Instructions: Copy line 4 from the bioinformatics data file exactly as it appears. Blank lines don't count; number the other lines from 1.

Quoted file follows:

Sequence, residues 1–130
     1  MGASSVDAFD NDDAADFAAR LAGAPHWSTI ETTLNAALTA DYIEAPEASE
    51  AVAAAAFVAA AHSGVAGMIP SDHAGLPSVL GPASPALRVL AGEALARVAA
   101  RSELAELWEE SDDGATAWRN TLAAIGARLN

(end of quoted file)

   101  RSELAELWEE SDDGATAWRN TLAAIGARLN